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Riled Up is a journal of science, the environment, exploration, new technology, and related commentary.  Contributors include scientists, explorers, engineers, and others who provide perspectives and context not typically offered in general news circulation.  For interested readers, additional resources are included.

The Conservation Alliance

World Environment Day

World Environment Day

 

The "Bag It Man" attends MountainFilm in Telluride, Colorado (credit: SWP Medial)

 

You can be forgiven if you didn't remember World Environment Day (WED). Coverage of this annual event is largely ignored almost everywhere.

Sponsored by the UN Environment Program (UNEP), the theme is 'ocean plastic' and the consequences of all this discarded waste has on water pollution, wildlife, and public health. Australia's CSIRO (Commonwealth Scientific and Industrial Resource Organization) has estimated:

1 million plastic bottles are purchased worldwide every minute and that we use up to 5 trillion plastic bags each year.

Most of the discarded plastic ends up in landfills or in the oceans where it creates huge marine gyres. The UK's Guardian newspaper is now calling this discarded plastic a global calamity and the Tibetan spiritual leader the dalai lama has said:

The environment is telling us we have to work together as one community, which is the only way we’ll meet such crises as the increasing shortage of water. It requires a new approach to education that takes account of scientific findings and human values encouraging us all to do things differently.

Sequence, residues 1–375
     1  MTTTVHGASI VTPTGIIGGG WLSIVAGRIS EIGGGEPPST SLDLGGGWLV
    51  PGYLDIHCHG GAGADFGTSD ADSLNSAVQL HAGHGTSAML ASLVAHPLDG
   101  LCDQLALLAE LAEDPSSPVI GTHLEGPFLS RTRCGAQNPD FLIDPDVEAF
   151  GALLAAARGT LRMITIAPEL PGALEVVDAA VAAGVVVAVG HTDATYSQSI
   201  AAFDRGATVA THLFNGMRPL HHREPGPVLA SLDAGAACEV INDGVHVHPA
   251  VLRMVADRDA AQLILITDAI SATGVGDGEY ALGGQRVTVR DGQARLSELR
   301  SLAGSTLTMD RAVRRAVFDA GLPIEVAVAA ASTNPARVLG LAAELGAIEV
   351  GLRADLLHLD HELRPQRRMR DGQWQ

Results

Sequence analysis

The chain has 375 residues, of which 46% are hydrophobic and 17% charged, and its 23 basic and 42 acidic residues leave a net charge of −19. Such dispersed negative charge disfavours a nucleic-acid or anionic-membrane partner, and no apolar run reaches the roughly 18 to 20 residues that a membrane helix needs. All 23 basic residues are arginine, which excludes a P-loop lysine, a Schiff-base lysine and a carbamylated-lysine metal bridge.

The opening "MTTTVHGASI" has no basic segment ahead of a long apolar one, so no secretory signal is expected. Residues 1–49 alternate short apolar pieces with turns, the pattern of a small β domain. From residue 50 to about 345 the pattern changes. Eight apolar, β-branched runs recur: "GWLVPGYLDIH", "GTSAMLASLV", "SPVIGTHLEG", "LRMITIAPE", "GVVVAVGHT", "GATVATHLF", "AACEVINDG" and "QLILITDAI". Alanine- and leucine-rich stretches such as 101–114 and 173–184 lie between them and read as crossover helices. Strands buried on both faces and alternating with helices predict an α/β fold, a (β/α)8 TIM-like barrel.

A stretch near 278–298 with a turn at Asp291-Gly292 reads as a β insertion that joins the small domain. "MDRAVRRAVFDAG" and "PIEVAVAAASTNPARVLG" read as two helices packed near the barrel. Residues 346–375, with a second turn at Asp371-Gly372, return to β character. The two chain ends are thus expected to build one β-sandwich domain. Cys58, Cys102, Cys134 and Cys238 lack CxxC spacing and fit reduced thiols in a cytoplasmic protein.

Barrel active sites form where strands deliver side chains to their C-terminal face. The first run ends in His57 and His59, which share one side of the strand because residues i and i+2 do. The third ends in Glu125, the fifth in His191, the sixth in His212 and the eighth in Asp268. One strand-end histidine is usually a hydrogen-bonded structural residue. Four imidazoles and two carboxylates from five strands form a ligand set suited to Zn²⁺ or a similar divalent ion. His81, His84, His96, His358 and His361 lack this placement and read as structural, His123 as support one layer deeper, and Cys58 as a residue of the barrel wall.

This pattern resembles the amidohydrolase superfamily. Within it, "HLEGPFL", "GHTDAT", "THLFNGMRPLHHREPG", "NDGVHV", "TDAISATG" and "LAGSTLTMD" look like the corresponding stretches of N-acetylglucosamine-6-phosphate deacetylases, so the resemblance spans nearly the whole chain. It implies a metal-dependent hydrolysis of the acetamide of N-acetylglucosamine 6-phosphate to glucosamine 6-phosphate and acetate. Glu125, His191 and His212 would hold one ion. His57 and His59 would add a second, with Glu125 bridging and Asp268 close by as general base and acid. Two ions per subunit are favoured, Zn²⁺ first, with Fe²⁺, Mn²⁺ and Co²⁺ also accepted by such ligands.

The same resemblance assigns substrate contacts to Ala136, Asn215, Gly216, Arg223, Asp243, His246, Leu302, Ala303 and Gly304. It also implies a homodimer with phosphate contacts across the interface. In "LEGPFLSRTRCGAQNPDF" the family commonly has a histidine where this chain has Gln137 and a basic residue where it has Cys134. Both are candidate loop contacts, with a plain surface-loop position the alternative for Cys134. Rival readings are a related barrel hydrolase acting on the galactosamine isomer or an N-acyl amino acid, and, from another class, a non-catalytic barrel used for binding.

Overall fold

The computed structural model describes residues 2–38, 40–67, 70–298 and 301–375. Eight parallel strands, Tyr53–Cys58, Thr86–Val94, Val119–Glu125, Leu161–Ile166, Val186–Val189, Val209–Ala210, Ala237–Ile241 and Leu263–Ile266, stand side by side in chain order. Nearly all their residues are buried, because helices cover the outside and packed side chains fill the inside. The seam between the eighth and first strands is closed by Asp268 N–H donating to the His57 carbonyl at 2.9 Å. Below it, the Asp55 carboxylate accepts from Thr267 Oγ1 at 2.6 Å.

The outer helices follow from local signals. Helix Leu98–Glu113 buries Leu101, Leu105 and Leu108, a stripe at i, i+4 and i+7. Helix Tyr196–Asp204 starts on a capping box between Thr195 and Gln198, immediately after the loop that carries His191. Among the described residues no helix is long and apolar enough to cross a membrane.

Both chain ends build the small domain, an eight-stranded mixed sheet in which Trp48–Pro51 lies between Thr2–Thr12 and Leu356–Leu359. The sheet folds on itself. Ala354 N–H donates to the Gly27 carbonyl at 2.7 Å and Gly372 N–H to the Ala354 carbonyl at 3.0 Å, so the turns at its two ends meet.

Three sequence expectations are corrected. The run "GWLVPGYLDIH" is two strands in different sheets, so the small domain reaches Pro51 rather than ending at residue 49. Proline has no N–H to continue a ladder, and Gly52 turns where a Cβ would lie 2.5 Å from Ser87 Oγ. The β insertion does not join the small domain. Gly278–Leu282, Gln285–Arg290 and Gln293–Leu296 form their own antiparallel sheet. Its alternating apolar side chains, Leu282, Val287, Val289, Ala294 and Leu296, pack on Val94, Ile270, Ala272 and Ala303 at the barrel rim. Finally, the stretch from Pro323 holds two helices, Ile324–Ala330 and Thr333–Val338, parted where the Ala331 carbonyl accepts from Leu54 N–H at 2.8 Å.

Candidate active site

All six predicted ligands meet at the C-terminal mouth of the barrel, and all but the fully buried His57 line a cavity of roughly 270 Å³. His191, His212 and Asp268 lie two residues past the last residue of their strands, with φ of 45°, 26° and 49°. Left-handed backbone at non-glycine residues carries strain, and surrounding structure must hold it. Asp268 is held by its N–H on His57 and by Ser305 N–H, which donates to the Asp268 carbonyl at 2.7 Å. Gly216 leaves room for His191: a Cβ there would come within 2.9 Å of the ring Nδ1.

Since its first event in 1974, World Environment Day has helped raise awareness of environmental concerns including the depletion of the ozone layer, toxic chemicals, desertification, deforestation, and climate change. Since then, the event has evolved into a platform for individuals and groups to take direct action to address local environmental problems. Millions of people have participated with many being from some of the world's poorest nations. Results from their efforts have included wider appreciation of the environment, changes in consumption patterns, expanded education, and improvements in national environmental policies. The organizers have often used quirky ads to address a serious issue.

Environmental issues are complicated but that shouldn't stop attempts at trying to find practical solutions. WED helps as a reminder of what is required but it will take more than a single day to address a huge issue like ocean plastic pollution. One recent development is hopeful. It involves the use of a bacteria that produces enzymes which can convert plastic into its natural carbon, hydrogen, and oxygen elements. The newly discovered bacteria basically eats plastic. When modern biotechnology has been applied to improve strains, the bacteria greatly increases its plastic conversion efficiency. If they can be economically produced the enzyme offer hope to begin addressing this plastics problem.

However, maybe someone attending a WED event will conceive of an even better solution and offer an alternative so we don't consume so much plastic in the first place.

WHB

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